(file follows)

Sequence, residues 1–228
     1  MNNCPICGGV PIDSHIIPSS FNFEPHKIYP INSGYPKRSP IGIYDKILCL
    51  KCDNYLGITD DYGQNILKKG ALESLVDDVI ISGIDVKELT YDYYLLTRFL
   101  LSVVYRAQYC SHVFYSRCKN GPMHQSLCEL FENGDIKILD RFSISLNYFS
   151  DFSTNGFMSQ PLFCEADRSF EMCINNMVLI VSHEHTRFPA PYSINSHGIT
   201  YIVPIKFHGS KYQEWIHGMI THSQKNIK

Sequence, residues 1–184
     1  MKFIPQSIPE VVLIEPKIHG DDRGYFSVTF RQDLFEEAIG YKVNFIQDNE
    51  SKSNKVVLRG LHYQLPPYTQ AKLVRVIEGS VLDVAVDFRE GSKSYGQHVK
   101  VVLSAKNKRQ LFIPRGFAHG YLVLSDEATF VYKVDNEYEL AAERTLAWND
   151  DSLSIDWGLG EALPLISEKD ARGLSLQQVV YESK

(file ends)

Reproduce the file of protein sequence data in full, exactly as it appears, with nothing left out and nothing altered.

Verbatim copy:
Sequence, residues 1–228
     1  MNNCPICGGV PIDSHIIPSS FNFEPHKIYP INSGYPKRSP IGIYDKILCL
    51  KCDNYLGITD DYGQNILKKG ALESLVDDVI ISGIDVKELT YDYYLLTRFL
   101  LSVVYRAQYC SHVFYSRCKN GPMHQSLCEL FENGDIKILD RFSISLNYFS
   151  DFSTNGFMSQ PLFCEADRSF EMCINNMVLI VSHEHTRFPA PYSINSHGIT
   201  YIVPIKFHGS KYQEWIHGMI THSQKNIK

Sequence, residues 1–184
     1  MKFIPQSIPE VVLIEPKIHG DDRGYFSVTF RQDLFEEAIG YKVNFIQDNE
    51  SKSNKVVLRG LHYQLPPYTQ AKLVRVIEGS VLDVAVDFRE GSKSYGQHVK
   101  VVLSAKNKRQ LFIPRGFAHG YLVLSDEATF VYKVDNEYEL AAERTLAWND
   151  DSLSIDWGLG EALPLISEKD ARGLSLQQVV YESK